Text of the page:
others. On the other hand, Web Services Business Process
Execution Language (WS
BPEL) v2.0 is a committee draft at
OASIS for very similar requirements (i.e., Web Services
estration); it’s supported by a mostly different set of vendors
like BEA, HP, IBM, and Microsoft.

Similarly, WS
Reliability v1.1 is an OASIS standard,
initially submitted by Sun, Oracle, and others. But another group


of vendors made up of BEA, IBM, Micros
oft, and TIBCO has
published a similar but different specification called WS
ReliableMessaging. In some instances, you’ll also find a vendor
supporting competing specifications.

Because of these complications, achoeving interoperability
using WS
* specifi
cations becomes much more difficult compared
to using basic Web Services specifications. The following section
describes some guidelines that should help you increase the
interoperability success rate of your implementations and reduce
the time spent in de
bugging and investigations.

Guidelines for Interoperating Using WS

You need to look from a number of perspectives to ensure the
interoperability between Web Services (using WS
* specifications)
that are built on different products. This section offers in
sight into
these perspectives and provides examples wherever applicable.

Support for the Same Specifications

As mentioned above, there could be more than one
specification for the same functionality such as reliability or
orchestration. Before you start,
ensure that the products on which
the Web Services are developed support the same specification.

For example, if you want reliable delivery of messages
between Web Services developed on two different products, both
products should support the same specifi
cation, that is, both
support WS
Reliability (WS
R) or both support WS
Messaging (WS
RM). Otherwise, you may not be able to
interoperate between the two products.

Another example is about identity federation, for which there
are two different spe
cifications available: Liberty Alliance’s
Identity Framework ID

. In both
specifications, federation is implemented through a Security Token
Service (STS) that provides security tokens to the requesting


clients. But the two specifications use different kinds of security
tokens; Liberty Alliance u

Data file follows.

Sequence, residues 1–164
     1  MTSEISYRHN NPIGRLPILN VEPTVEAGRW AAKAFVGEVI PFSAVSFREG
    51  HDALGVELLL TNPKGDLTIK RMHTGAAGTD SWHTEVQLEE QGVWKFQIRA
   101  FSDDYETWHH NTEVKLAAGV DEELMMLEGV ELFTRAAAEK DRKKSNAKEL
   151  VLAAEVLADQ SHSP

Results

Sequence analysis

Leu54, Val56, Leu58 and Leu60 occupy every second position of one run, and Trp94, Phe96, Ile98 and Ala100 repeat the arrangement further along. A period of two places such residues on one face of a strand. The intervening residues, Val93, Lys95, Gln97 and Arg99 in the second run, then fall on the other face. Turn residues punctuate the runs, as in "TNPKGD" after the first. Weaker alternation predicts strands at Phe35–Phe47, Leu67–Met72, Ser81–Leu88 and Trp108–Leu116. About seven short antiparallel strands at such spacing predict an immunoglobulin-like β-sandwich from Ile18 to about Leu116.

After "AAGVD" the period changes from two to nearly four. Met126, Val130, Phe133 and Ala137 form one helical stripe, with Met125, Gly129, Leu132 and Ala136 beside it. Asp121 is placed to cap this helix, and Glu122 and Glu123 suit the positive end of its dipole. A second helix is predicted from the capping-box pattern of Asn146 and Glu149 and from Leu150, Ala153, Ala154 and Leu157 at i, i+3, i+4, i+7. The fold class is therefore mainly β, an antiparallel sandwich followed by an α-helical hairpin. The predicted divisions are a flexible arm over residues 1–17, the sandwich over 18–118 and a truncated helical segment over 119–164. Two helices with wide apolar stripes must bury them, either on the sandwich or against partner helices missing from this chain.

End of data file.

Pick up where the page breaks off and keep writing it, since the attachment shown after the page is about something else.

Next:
ses extended SAML assertions, whereas
Federation uses WS
Security’s profiles of X509 and Kerberos.
When two parties (or organizations or security zones) plan to
implement identity federation between them, they must ensure that
the common security token
is supported by the two STSes;
otherwise, they won’t be able to implement the federation.

Versions of the Specifications

Web Services specifications are evolving and new versions
keep moving through both the draft and final stage. But the
products that imp
lement these specifications don’t change at the
same pace. Because of that, you find products from different
vendors implementing different versions of the specifications and
the different versions of the same specification may not
interoperate with each o
ther. In such cases, check if the product
that supports the newer version of the specification supports the
older version too. Generally, products support the older version to
maintain backward compatibility. You should configure a product
to use an older
version of the specification, if necessary, so that
both products use the same version.

For example, BEA WebLogic Server (WLS) 9.0 only
supports SOAP 1.1 whereas Microsoft Windows Communication
Foundation (WCF) February 2006 Community Technology
Preview (
CTP) supports both SOAP 1.2 and SOAP 1.1. WCF
provides out
box configuration settings for different kinds
of bindings. All of the bindings except basicHTTPBinding are
configured to use SOAP 1.2 by default. If your WCF Web Services
use any of these b
indings, they won’t be able to communicate with
WLS 9.0 clients and vice versa. To enable communication, you